101 Ways to Stay Visible and Win More Business – Part 1

by Tony Rubleski - June 26th, 2014

I’m often asked by audiences, clients, and in media interviews, “So Tony, what’s the best way to pick up more business?” This isn’t an easy question or a simple answer as I’m a BIG believer that the better question to ask is, “What are several great ways to win more business?”

With these questions in mind, I’ll reveal, over this and the next issue, a helpful and handy checklist of 101 ways to capture more minds, hearts and bottom line: more business. You may consider printing off this list and highlighting which one’s you’re currently using, while at the same time, picking two or three which you plan to get moving on for use within your own company.

There’s no shortage of ways to attract and win business. Let this list serve as an idea generator and guide to spark your mind, imagination, and help to motivate you towards taking action on finding more ways to spread your message and serve more people.

#1. Make an offer
#2. Bundle different products and services
#3. Have a special event or sale
#4. Have FUN with your marketing
#5. Do an annual client appreciation event
#6. Send thank you notes
#7. Make thank you calls
#8. Mail articles of interest to your best customers
#9. Send postcards with special offers/updates
#10. Create and use an eletter to stay in touch
#11. Ask for referrals
#12. Give referrals
#13. Attend leads groups
#14. Get active in your chamber of commerce
#15. Offer free samples of your product/service
#16. Give an informative talk on your business
#17. Partner with a local cause or charity
#18. Partner with some of your key vendors to cross promote
#19. Partner with a well-known person or local celeb in your marketing
#20. Submit media releases to your trade groups and local newspapers
#21. Write a letter to the editor or op-ed piece
#22. Host or be a guest on local radio, TV or web based show
#23. Teach a class or lead a webinar
#24. Encourage employees to recommend you to others and within their social media channels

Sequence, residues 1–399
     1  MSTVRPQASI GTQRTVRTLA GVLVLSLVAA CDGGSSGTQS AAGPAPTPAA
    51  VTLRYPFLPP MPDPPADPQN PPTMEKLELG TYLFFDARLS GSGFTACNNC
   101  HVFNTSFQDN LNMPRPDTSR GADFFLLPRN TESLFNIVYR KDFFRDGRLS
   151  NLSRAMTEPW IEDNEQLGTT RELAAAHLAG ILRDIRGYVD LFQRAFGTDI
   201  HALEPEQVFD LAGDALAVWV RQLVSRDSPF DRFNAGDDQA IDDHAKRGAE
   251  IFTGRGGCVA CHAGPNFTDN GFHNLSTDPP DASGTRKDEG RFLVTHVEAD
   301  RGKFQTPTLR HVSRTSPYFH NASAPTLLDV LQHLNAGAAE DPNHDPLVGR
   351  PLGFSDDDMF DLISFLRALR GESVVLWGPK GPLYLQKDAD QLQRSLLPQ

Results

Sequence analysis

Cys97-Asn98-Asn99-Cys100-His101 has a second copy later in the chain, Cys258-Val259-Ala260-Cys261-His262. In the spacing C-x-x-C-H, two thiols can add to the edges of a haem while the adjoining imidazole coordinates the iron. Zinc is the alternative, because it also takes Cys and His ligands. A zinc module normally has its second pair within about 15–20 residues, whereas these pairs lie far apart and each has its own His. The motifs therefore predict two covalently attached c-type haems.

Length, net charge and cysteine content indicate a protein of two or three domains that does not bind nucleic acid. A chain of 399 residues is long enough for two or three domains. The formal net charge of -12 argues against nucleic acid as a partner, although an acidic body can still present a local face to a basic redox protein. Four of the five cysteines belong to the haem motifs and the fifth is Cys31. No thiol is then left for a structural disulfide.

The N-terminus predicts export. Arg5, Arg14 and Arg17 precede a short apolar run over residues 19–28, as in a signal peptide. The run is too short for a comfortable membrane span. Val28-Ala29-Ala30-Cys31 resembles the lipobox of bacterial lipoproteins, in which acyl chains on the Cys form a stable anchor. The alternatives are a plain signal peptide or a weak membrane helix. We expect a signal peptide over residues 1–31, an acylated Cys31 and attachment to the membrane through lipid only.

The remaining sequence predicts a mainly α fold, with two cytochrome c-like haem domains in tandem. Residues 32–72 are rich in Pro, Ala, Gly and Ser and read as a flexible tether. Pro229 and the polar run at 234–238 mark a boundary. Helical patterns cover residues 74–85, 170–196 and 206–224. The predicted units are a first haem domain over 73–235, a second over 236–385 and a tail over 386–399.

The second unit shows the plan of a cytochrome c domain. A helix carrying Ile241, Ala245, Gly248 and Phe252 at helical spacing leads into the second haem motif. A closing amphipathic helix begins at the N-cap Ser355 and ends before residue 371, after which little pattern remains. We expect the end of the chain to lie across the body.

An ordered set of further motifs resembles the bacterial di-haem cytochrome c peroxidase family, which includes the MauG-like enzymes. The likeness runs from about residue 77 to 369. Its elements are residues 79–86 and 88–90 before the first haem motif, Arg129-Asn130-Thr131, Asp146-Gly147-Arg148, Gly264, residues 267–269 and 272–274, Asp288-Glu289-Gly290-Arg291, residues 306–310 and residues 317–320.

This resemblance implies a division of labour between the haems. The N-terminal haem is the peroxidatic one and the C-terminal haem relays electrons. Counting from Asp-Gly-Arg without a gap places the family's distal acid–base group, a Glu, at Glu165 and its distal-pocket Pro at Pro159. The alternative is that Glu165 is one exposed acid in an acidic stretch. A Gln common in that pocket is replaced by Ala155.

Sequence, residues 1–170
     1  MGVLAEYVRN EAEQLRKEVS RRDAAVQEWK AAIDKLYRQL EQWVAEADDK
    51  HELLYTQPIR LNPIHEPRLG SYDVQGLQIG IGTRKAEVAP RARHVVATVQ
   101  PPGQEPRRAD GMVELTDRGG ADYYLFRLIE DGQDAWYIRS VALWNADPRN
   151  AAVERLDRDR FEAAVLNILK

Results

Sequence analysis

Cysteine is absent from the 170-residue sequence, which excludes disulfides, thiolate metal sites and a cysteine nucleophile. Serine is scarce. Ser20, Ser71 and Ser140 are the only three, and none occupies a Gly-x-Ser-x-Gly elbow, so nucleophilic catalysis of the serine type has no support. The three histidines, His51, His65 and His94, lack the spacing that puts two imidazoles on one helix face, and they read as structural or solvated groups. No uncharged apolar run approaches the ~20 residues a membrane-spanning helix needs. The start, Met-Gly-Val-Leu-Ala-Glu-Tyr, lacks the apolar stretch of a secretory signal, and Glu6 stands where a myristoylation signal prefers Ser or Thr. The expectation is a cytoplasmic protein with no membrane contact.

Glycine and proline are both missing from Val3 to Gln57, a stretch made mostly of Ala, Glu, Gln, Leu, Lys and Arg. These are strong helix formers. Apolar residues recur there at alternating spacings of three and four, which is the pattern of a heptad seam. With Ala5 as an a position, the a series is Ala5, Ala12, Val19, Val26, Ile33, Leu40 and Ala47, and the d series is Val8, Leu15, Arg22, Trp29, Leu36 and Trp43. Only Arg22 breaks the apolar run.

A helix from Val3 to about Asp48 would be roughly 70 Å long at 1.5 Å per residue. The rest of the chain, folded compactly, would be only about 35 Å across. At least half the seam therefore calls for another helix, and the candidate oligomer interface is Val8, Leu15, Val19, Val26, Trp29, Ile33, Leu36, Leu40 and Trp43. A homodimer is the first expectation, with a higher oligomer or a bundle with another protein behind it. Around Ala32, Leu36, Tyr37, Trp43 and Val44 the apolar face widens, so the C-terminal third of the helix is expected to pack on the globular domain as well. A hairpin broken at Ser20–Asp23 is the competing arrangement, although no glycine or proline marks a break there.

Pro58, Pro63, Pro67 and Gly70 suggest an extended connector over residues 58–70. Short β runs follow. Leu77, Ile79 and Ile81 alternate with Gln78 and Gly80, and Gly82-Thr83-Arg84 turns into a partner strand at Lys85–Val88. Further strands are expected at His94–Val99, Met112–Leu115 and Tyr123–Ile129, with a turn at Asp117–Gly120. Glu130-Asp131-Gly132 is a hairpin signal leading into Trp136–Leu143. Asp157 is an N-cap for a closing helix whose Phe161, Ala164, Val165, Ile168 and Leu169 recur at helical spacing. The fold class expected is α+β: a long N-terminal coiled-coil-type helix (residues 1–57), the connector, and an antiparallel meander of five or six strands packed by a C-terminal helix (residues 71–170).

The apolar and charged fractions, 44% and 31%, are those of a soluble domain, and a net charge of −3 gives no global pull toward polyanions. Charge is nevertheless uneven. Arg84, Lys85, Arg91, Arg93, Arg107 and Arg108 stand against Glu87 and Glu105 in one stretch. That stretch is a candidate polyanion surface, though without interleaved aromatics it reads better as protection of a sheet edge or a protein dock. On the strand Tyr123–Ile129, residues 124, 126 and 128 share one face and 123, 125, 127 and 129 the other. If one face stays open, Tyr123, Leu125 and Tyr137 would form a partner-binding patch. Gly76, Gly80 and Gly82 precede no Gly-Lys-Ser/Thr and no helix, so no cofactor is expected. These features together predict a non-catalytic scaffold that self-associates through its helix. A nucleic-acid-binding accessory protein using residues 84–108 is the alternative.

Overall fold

#25. Barter/trade with the local media
#26. Offer referral fees or discounts for those who send people to you
#27. Blog on topics related to your industry
#28. Engage people on FB, and online with special updates and offers
#29. Create a YouTube channel with approved client testimonials
#30. Stay visible within the community and donate products or services for fundraisers
#31. Ask those you currently do business with to consider working with you
#32. Hire friendly people that engage people and aren’t rude
#33. Have a pro answer your phones
#34. Get back to people quickly
#35. Make sure your website is easy to navigate
#36. Create a client-of-the-month recognition program
#37. Offer special bonuses/pricing for your VIP customers
#38. Provide free shipping or delivery to save time
#39. Take a key customer or referral partner out for coffee or a meal
#40. Survey your customers to find new ideas
#41. Make it right when you screw up as negative word-of-mouth can cause huge damage
#42. Always be listening for new ideas and tips from peers to keep improving
#43. Roll out something “New” at least once a quarter to keep things fresh in your business
#44. Always seek out logical joint ventures and new distribution partners
#45. Be friendly and look sharp – duh!
#46. Create a special report, guide or white paper to educate and differentiate yourself
#47. Share links or websites of interest with your top customers, prospects, and referral partners
#48. Say ‘Thank You’ and look people in the eye when they do business with you
#49. Feature your best customers in your newsletters, eletters and other marketing pieces
#50. Get rid of customers that are too difficult to please and focus more time and energy on those who value what you offer/provide

“Pick your favorite 3 ideas to build your business and start implementing them today!”

Tony Rubleski
Mind Capture
616-638-3912
www.mindcapturegroup.com

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Southwest Airlines: Quick Turn Arounds (Case Studies of Great Companies)

by John Gifford - June 12th, 2014

1. Overview

Modeling after the California intra-state airline, Pacific Southwest Airlines, entrepreneur Rollin King and lawyer Herb Kelleher started Southwest Airlines in 1967.

Southwest Airlines’ goal was to make life simpler for travelers who wished to travel the distances between Houston and Dallas-Fort Worth and San Antonio. The need was there, the Texas economy was booming, and the business model made eminent sense.

However, the existing entrenched power base was not willing to relinquish its control of the the Texas airline market uncontested. Kelleher suspected as much, and was determined to raise twice his initial figure of $250,000 venture capital, because of the likelihood of a prolonged fight to get Southwest off the ground. It turned out to be even more difficult a proposition than even Kelleher imagined.